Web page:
Avocados are often viewed as a great food for health. And, why not? They’re packed with healthy fats and nutrients, while the amount of carbs in avocados is very reasonable.
More importantly, avocados taste great. They’re a popular addition to the diet – and there’s no shortage of recipes that take advantage of them.
Read on to learn more about avocados and why they’re so powerful.
How Many Carbs in an Avocado?
A whole avocado contains around 11.8 grams of carbs (1). But, most of those carbs come from fiber. Once you exclude the fiber, a whole avocado is simply 2.6 grams of net carbs. If you only eat half, that’s 1.3 grams of net carbs.
For anyone counting net carbs, avocados are simply amazing. The fruit is extremely low in carbs, taste greats and is satisfying.
For people counting total carbs, avocados aren’t quite so good. But, at 5.9 grams of carbs, half of an avocado could still be realistic. You could even go with a third of an avocado, which has less than 4 grams of total carbs.
The carb content of avocados is important. But, that’s just one factor. Avocados also contain a wide range of nutrients (2). Take a look!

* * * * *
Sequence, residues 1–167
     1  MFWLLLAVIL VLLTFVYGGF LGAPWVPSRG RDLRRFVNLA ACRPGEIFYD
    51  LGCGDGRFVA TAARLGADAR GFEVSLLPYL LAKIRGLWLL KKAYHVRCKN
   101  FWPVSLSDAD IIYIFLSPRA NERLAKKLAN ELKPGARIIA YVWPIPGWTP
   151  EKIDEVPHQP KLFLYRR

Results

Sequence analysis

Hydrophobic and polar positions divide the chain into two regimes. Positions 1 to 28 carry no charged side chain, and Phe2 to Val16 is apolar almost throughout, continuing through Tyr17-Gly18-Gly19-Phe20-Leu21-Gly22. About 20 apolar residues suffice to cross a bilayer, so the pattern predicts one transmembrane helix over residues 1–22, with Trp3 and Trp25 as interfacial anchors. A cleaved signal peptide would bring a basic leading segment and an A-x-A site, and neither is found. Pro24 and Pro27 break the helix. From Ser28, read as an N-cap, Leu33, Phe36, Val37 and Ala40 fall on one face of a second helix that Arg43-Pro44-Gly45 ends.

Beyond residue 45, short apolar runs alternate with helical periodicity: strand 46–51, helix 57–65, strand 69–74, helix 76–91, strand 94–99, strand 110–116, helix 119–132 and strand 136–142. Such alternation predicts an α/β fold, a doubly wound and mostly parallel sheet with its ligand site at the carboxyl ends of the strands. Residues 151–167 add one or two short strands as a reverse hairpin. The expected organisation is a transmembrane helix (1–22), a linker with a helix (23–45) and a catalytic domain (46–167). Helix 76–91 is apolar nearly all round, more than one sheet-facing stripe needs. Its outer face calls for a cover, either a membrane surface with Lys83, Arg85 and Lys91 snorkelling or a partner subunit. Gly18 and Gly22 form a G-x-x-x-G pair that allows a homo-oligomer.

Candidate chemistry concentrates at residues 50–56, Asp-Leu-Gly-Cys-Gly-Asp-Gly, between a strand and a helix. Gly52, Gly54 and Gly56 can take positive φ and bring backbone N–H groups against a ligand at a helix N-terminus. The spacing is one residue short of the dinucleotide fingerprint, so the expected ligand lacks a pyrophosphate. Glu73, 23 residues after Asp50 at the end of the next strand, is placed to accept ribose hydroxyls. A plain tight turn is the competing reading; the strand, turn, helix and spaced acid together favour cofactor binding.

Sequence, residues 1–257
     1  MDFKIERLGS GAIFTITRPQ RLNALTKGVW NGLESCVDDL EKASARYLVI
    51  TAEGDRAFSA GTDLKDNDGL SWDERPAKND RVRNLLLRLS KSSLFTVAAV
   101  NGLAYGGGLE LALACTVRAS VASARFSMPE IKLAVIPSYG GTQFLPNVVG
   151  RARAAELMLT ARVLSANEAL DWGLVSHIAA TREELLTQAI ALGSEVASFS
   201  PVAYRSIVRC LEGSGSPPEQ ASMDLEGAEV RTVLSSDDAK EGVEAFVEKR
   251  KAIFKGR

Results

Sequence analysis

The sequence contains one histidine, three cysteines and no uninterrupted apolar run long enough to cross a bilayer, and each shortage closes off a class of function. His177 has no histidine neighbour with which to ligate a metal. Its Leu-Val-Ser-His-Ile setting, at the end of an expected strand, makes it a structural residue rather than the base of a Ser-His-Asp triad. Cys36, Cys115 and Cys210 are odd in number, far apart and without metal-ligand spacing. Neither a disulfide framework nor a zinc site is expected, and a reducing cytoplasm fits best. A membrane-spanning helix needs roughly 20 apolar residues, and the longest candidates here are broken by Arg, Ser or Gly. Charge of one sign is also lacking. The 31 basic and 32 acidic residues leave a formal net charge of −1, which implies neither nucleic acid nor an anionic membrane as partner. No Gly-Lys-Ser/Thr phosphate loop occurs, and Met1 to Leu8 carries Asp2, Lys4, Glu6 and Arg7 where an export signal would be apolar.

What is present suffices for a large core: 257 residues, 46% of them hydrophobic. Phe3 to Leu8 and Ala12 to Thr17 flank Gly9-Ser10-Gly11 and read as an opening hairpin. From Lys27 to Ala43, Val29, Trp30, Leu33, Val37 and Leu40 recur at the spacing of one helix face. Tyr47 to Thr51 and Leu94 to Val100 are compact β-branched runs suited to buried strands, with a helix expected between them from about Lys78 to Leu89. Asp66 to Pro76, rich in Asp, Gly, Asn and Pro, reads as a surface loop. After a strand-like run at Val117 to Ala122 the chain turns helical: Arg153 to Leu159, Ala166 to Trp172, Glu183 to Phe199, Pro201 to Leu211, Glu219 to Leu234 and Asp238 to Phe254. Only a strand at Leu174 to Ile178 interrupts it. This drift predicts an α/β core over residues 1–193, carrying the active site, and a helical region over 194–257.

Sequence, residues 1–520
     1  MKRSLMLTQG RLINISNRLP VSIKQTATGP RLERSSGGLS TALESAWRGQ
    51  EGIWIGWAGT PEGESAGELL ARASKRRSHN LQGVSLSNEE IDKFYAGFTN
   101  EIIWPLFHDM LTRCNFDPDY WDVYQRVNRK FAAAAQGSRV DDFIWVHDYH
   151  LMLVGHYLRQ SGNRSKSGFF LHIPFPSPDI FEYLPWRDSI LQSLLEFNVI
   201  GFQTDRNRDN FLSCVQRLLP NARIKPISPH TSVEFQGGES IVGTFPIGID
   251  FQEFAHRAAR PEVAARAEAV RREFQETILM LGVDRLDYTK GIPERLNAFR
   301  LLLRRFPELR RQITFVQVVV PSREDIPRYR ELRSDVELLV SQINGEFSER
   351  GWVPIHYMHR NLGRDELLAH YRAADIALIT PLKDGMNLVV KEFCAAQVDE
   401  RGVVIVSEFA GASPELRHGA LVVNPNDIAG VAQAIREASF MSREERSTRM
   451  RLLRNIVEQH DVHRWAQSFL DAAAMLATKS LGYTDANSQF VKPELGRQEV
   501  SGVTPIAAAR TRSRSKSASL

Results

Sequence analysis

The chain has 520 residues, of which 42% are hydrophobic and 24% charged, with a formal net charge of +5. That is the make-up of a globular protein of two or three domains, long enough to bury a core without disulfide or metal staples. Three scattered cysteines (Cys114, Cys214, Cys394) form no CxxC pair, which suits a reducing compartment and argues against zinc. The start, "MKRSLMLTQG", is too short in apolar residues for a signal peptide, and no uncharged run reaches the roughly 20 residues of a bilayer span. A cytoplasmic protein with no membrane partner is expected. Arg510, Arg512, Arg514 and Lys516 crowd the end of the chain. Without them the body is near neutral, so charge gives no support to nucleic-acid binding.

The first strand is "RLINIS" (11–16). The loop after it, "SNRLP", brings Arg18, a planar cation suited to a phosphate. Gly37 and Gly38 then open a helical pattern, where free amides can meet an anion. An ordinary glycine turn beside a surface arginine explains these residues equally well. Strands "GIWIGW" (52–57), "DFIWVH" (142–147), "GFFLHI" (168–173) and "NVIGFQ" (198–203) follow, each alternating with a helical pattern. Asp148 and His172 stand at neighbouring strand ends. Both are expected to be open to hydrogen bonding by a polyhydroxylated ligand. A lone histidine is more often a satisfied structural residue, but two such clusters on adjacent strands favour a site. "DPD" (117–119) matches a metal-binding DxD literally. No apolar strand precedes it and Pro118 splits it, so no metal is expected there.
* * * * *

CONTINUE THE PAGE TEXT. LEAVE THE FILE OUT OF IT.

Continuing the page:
Nutrition Facts: 1 Avocado (no skin or seed)
28.6 mcg (36% DV)
121 mcg (30% DV)
689 mg (20% DV)
0.4 mg (20% DV)
12.0 mg (20% DV)
As you can see, avocados are significant sources of fiber and offer some protein as well. They also contain a range of other important nutrients, including vitamin K, folate and potassium.
Avocados also contain various plant-based compounds not shown in the profile, including antioxidants and oleic acid.
Of course, the nutritional details will vary depending on the variety and size of the avocado. Still, the table above offers a good general guideline.
Types of Avocados
Like most fruit, there are dozens of individual varieties of avocado. For avocados, these fall into two categories, A-type and B-type, depending on the flowers that they are produced from.
The list below shows some key examples.
- Hass avocados. This is an A-type variety and the most common type of avocado. The skin is bumpy and thick, making the avocado easy to peel. Hass avocados are green when unripe and dark purple when ripe. Their flesh is light green and packed with flavor.
- Lula avocados. These avocados are also A-type. They tend to have large seeds, while the skin is smooth and dark.
- Pinkerton avocados. These A-type avocados have green skin and pale green flesh. The fruit is longer than Hass avocados and the seed is smaller. The flesh flavor is nutty.